Grading of both central and peripheral chondrosarcomas is based on histological features, i.e., the matrix composition, presence of nuclear atypia and mitotic rate (Table 3, Fig. 2d) [12]. Grading is one of the most important prognostic predictors. Grade I chondrosarcomas are not metastatic, whereas 10–33% of grade II and approximately 70% of grade III chondrosarcomas metastasise [2].

Table 3
Grading of conventional chondrosarcoma

Differential diagnosis

The differential diagnosis of chondrosarcoma usually involves the low-grade chondrosarcomas versus pre-malignant lesions. In case of osteochondroma versus low-grade peripheral chondrosarcoma, the thickness and staining characteristics on (dynamic) MR of the cartilaginous cap provide a rather reliable assessment of the likelihood of malignancy [15]. For the distinction, clinical symptoms and radiographic features are of help, but both lack specificity [17, 34]. Previous studies demonstrate that the differential diagnosis of enchondroma vs. central grade I chondrosarcoma using conventional radiography is not reliable, but recent studies using dynamic contrast-enhanced MR imaging show increased sensitivity [15, 16]. However, an absolute distinction between malignant and benign cannot be made on radiological grounds alone [11, 17].

At the histological level, the distinction between enchondroma and low grade central chondrosarcoma is mainly based on a variety of growth patterns. The presence of entrapment (defined as the permeation of pre-existing lamellar host bone by tumour) and the absence of encasement (defined as new shells of lamellar bone at the periphery of cartilage nodules) favour malignancy, as does the presence of mucoid matrix in >20% of the tumour [29].

In case of doubt, the best procedure would be to have a biopsy taken and assessed by an experienced pathologist, who evaluates the biopsy using all available radiological information and applying defined histopathologic criteria.

Rare subtypes of chondrosarcoma

Apart from the conventional chondrosarcomas there are other more rare histological entities, i.e, dedifferentiated (10%), mesenchymal (3–10%) and clear cell chondrosarcomas (approximately 2% of all chondrosarcomas).

Dedifferentiated chondrosarcomas are especially aggressive, with a 5-year survival of less than 10%, due to distant metastasis. The tumour is histologically characterized by two components, with a well-differentiated cartilaginous tumour adjacent to a high-grade non-cartilaginous sarcoma. Genetic analysis of both components suggests that they originate from a monoclonal origin, followed by additional genetic alterations in the different compartments [4]. Mesenchymal chondrosarcomas have a generally poor long-term prognosis with 5- and 10-year survival rates of about 50 and 25%, respectively. The tumour presents as a bimorphic lesion consisting of low-grade cartilaginous cells and hypercellular small, uniform and undifferentiated cells that resemble Ewing’s sarcoma cells. Clear cell chondrosarcomas have a generally good prognosis if provided with complete surgical eradication. They are histologically characterised by bland clear cells with areas of hyaline cartilage.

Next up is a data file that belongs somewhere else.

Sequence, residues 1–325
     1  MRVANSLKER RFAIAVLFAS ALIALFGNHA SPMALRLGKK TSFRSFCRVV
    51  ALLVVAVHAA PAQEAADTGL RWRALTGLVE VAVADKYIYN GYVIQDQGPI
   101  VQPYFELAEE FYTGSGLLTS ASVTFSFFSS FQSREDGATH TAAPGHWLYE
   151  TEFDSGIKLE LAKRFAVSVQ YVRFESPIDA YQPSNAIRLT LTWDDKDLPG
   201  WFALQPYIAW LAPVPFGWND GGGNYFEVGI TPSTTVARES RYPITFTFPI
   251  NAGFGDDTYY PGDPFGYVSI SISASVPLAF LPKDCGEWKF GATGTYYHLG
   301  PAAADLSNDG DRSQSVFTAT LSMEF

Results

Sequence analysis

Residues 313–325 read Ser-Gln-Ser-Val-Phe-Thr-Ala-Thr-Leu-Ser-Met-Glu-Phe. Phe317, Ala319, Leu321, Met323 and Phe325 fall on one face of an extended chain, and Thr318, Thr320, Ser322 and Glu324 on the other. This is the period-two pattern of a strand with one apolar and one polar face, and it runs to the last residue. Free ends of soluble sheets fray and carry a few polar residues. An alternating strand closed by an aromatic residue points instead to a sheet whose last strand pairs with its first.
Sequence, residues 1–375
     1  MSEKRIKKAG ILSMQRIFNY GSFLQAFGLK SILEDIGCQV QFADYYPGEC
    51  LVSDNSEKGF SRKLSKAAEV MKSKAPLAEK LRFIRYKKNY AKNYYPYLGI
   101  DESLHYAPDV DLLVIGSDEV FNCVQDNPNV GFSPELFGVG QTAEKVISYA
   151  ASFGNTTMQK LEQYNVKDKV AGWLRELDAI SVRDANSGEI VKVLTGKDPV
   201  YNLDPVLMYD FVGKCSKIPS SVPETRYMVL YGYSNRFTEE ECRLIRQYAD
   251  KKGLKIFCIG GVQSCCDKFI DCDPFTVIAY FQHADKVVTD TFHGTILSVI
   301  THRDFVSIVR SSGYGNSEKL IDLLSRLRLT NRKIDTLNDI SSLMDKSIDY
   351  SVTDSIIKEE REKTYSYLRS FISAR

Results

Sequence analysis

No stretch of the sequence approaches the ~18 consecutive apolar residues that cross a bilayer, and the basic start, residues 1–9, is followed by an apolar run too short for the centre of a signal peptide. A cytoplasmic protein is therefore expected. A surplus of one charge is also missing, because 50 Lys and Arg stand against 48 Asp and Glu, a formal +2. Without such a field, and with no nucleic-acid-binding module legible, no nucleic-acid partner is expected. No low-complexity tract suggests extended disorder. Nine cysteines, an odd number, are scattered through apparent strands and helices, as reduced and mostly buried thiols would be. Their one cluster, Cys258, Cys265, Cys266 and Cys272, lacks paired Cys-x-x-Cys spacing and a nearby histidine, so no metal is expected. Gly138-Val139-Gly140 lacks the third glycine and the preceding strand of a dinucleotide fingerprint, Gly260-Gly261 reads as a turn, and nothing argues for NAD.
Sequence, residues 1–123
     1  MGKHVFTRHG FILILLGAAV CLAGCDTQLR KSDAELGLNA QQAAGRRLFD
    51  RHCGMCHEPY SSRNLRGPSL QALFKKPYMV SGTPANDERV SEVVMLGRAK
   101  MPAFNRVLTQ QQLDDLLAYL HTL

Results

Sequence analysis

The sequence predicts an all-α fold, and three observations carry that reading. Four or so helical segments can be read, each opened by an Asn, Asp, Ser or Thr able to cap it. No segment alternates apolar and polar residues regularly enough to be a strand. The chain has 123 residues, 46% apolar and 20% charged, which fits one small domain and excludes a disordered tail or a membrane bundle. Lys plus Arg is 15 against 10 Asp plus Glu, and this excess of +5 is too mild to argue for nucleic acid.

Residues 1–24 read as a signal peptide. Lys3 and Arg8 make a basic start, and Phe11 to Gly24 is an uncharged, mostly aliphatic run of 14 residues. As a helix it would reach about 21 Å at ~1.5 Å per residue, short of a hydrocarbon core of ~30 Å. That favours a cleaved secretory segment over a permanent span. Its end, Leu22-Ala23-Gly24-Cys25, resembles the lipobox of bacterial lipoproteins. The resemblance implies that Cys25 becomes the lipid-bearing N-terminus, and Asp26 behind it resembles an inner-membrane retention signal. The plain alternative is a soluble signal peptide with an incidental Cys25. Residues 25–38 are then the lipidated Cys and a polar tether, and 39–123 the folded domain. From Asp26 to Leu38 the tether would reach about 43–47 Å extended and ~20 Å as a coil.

Treatment

Surgery

Surgery is currently the only treatment option for chondrosarcoma. These tumours are resistant to chemotherapy and radiotherapy. Limb-saving surgery is performed when complete removal of the tumour is feasible, as recurrences of these tumours do occur, which may present as lesions with a higher tumour grade. This poses problems especially in regions where it is difficult to remove the entire tumour, such as in the pelvic region.

Radiation and chemotherapy

Although radiation and chemotherapy are normally not used, occasionally inoperable chondrosarcomas are treated with them [33]. However, there is no evidence of the efficacy of this treatment.

Targeted drugs

Molecular approaches are used to investigate conventional chondrosarcoma tumour development and progression aiming at the identification of possible targets for therapy. Examples of these are:

  1. Inhibition of the reported active PTHLH pathway by PTHLH antibodies was performed on chondrosarcoma cell lines, inducing differentiation and apoptosis [30].
  2. Activity of the oestrogen signalling was demonstrated in chondrosarcoma cell lines, and the presence of oestrogen receptors in the nuclei of primary tumours points to the possibility for interference with the sex steroids [9].
  3. Blocking of the angiogenesis, combined with chemotherapy treatment, does show promising results in xenograft chondrosarcoma models [31].
  4. A phase II trial of pemetrexed, a multitargeted anti-folate, for advanced chondrosarcomas is currently in progress. Pemetrexed inhibits the de novo purine synthesis, which might be effective since approximately 50% of the high-grade chondrosarcomas show loss of the region containing the gene MTAP, which plays a role in the salvage pathway of adenine and in methionine synthesis [8].

Other targets investigated are kinases [25] and proteins involved in the degradation of the chondrosarcoma matrix [23].

However, in none of the cases have results been published on the effect of the treatment on the chondrosarcomas in patients. Therefore, expert diagnosis and early acknowledgement of these tumours are as yet the most effective therapy.